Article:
GDPR & ePrivacy Changes: The Impact on eCommerce

On the 25th of May 2018, the new GDPR legislation will be applied throughout the European Union. This, combined with new ePrivacy rules, will ensure that there is a considerable change to the way that consumer data is managed. This will have a significant impact on the way that eCommerce retailers operate.

What is GDPR?

GDPR stands for the General Data Protection Regulation. Essentially, this is a new set of regulations that have been introduced to cover how companies throughout the EU collect, process and hold customers’ personal information. It is set to come into force in May 2018 and, at the same time, the existing ePrivacy laws that are in place will be updated. The current ePrivacy laws are in place to protect customers’ online privacy when searching and shopping. These rules apply to a variety of online tools which target consumers, including e-marketing, cookie data and messaging tools.

You may be wondering whether this legislation will apply in the UK after Britain’s exit from the EU. An extremely similar version of the legislation will be introduced in the UK post-Brexit. Additionally, both of these regulations are relevant to the receiving country, which means that any marketing travelling to EU countries will need to comply with both GDPR and ePrivacy regulations.

What Do eCommerce Retailers Need Know?

eCommerce Retailers will need to start planning how they are going to manage the new rules. The rules are yet to be finalised but there are a number of draft consultations which are available for eCommerce Retailers to access. These are some of the key things that eCommerce Retailers need to know:

  • Data privacy will apply to all channels, including social media platforms which use messaging services like Facebook and Instagram. It will also include social channels such as Skype, Messenger and WhatsApp.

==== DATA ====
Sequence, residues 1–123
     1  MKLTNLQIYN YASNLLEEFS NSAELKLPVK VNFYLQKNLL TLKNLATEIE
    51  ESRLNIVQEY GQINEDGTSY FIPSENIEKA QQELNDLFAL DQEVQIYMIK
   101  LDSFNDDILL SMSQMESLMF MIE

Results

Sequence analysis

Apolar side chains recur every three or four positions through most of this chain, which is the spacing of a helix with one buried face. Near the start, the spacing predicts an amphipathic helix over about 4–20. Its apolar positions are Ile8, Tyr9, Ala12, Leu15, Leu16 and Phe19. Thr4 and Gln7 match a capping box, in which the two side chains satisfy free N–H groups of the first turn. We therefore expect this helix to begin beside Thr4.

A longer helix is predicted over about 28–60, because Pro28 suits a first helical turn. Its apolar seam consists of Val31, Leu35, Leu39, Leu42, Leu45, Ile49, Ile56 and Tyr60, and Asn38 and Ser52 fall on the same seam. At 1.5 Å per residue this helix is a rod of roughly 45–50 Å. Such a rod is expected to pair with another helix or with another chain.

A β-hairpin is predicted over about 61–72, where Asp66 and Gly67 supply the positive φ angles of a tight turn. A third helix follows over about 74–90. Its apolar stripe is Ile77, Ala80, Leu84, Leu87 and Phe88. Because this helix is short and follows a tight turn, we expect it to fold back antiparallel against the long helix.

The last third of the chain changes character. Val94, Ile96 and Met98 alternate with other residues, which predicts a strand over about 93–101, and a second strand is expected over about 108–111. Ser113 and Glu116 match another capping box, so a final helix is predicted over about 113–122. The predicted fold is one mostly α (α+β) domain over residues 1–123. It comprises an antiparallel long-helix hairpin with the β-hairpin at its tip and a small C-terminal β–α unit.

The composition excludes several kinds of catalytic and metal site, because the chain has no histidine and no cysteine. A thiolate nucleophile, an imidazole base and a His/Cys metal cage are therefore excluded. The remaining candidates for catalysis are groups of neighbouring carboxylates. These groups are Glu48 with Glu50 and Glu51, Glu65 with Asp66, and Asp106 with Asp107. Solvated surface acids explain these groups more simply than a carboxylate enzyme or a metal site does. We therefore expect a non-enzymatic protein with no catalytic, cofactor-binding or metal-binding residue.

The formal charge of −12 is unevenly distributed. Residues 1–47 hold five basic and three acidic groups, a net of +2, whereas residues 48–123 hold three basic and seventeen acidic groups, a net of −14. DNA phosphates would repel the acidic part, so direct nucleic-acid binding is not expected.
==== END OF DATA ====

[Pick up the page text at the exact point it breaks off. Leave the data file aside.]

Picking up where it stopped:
• All B2C communication on any channel has to be opted into.
  • Parental permission is required to collect data from any marketing targeted at children under 16 years of age.
  • The definition of personal data will become much broader, including social, cultural and economic data.

What Impact Will This Have?

There are a number of different steps that eCommerce retailers will need to take to ensure they are meeting the requirements of the 2018 general data protection regulations.  One of the main things they will need to do is review all of their data consent systems to ensure that they cover all of the channels included in the GDPR.

eCommerce retailers will also need to look at how they process individual records. You will need to consider the follow questions: how will you provide customers with their personal data if they request it? What action will you take to ensure that customers have the right to be forgotten? Will you or your data suppliers be responsible for the management of your data?

The way in which customers’ data is stored is another area which will need addressing. First, eCommerce retailers should make sure that they are not storing unnecessary customer information. In general, it’s best to avoid holding onto data that is no longer needed. Where the data is stored is also important. If you’re using cloud storage or other off-site storage solutions, your data supplier need to be compliant with the general data protection regulation 2018 and the latest ePrivacy regulations.

At Parcel Delivery, we are already taking steps to ensure that we comply with the latest online privacy regulations.